Non sequitur: Follow Along!

Have You Ever?

During lunch, you’re chatting with your friends about the latest blockbuster movie that came out. All of you are really excited to see it. The reviews are great, your favorite actors are in it, and the trailer looks awesome. Someone suggests that you catch the Saturday evening showing as a group. Before you can chime in on how that’s a great idea, a voice pipes up, “What did you think of that math test on Monday?” The conversation quickly gets diverted to the difficulty of derivatives, and those Saturday plans never get finalized before the lunch bell rings.

The Explanation

When your friend brought up the math exam, they said a non sequitur, which means that their statement doesn’t match up with the rest of the conversation. It’s a new topic clumsily inserted into the conversation.

Definition of Non Sequitur

A non sequitur is a statement that is not clearly related to the previous topic of conversation or writing. As a logical fallacy, it is an inference that does not follow from the original premise. 

The History

Non sequitur is a Latin phrase that means “it does not follow.” It was first popularized in the 1500s as a type of logical fallacy. Over time, its definition was broadened until non sequitur also became a type of rhetorical device instead of just a flawed type of philosophical argument.

Using It

Nowadays, you can find examples of non sequiturs everywhere - in the books you read, the debates you listen to, in the movies you watch, etc. It’s important to remember that non sequiturs aren’t inherently bad. In fact, they can be used quite effectively in comedy routines. Truly absurd ones can get a crowd laughing in seconds. Authors regularly use non sequiturs not only as a quick gag but also to establish character traits. If a character commonly uses non sequiturs, they might be unfocused and prone to daydreaming or might not be that clever. Thus, non sequiturs have their place in the entertainment industry.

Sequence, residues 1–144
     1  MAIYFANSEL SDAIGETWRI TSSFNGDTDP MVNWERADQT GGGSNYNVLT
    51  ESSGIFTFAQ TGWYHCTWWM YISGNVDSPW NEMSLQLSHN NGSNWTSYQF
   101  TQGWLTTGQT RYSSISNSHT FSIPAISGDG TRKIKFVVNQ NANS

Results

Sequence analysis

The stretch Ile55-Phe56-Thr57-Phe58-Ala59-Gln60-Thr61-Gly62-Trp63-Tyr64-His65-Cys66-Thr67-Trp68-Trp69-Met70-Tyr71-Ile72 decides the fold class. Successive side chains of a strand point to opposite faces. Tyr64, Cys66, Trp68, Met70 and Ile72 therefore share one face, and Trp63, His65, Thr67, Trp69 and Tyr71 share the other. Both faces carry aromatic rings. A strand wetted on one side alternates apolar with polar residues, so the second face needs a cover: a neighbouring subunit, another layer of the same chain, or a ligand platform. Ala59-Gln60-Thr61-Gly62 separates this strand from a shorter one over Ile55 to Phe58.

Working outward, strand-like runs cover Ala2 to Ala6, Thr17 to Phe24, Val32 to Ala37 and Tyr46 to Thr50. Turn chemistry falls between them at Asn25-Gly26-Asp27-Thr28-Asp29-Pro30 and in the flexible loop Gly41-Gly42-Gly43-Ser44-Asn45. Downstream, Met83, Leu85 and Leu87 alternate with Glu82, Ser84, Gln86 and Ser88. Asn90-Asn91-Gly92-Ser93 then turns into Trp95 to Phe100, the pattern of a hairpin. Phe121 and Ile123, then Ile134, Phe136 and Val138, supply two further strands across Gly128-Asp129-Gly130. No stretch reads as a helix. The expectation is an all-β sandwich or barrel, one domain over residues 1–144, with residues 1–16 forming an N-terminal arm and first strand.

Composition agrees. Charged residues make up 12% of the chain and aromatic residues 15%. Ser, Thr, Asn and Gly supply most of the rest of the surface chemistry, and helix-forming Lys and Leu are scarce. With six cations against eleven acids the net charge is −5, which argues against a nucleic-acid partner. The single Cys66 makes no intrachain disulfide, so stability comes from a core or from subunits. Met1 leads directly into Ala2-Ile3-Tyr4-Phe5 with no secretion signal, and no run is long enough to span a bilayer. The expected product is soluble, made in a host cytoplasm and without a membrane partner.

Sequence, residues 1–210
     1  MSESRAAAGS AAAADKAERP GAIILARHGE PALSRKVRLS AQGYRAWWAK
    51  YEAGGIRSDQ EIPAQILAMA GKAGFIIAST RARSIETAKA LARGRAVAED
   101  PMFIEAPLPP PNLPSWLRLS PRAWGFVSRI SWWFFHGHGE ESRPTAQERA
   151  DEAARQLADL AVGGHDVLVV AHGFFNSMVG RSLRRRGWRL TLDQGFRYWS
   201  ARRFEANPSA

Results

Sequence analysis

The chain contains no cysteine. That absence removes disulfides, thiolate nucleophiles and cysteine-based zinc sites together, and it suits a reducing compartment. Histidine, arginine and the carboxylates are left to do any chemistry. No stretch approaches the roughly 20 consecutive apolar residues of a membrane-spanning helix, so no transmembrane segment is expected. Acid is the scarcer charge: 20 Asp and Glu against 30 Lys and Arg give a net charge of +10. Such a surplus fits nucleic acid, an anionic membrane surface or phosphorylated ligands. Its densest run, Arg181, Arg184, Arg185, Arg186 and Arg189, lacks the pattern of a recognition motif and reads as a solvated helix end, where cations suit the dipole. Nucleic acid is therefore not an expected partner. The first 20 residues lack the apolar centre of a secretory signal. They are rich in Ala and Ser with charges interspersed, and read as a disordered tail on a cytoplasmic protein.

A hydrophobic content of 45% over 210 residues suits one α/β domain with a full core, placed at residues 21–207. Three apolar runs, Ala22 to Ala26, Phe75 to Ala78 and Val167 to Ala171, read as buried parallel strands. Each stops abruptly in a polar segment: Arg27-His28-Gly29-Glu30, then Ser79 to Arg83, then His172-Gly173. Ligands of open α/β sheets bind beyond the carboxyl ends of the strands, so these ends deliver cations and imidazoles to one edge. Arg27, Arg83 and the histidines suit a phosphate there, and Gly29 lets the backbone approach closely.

However, one place non sequiturs don’t belong is in critical thinking. When arguing a point or trying to explain a subject, non sequiturs hinder communication. The connection between your statement and the previous conversation topic may be obvious to you, but that doesn’t mean it’s clear to everyone else. In our movie example, maybe your friend brings up the math test because their parents won’t let them go out unless they got a good grade. Your friend asks everyone what they thought of the math test because you guys tend to get similar grades. By judging how well everyone else thinks they did on the exam, your friend can figure out how likely it is they can go to the movies. There’s a connection between the Saturday night movie plans and the math test, but since it wasn’t articulated, the question becomes a non sequitur.

Non sequiturs can be especially dangerous when used by those in power. Political candidates sometimes use non sequiturs to “prove” their point without providing any facts. Non sequiturs aren’t always as easy to spot as the movie example. Quite often, they can sound almost like a valid argument, which is precisely why it’s so important to identify non sequiturs. They can either be dangerous or funny and clever, depending on how you use them.

Think Further

  1. When can it be most harmful to use a non sequitur? Most beneficial?
  2. Think of a time when you recently used a non sequitur. Why did you use it? Were you aware that you were using a non sequitur at the time?
  3. See how many non sequiturs you can spot in your daily life. Where do you find them used most often?


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Learn More

  1. Bennett, Bo Ph.D. Logically Fallacious: The Ultimate Collection of Over 300 Logical Fallacies (Academic Edition). Archieboy Holdings, 2018. ISBN: 978-1-4566-0752-4.
  2. Hindes, Steve. Think for Yourself!: An Essay on Cutting Through the Babble, the Bias, and the Hype, pp. 84-86. Fulcrum Publishing, 2005. ISBN: 1-55591-539-6.
  3. LiteraryDevices Editors. “Non sequitur – Examples and Definition of Non Sequitur.” Literary Devices, 2017.
  4. “Non sequitur, n”. OED Online, Oxford University Press, 2019.